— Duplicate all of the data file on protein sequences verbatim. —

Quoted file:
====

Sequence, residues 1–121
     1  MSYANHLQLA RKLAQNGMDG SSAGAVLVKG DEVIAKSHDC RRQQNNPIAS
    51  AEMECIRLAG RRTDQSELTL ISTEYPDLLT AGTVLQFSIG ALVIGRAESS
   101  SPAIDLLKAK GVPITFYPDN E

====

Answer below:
Sequence, residues 1–121
     1  MSYANHLQLA RKLAQNGMDG SSAGAVLVKG DEVIAKSHDC RRQQNNPIAS
    51  AEMECIRLAG RRTDQSELTL ISTEYPDLLT AGTVLQFSIG ALVIGRAESS
   101  SPAIDLLKAK GVPITFYPDN E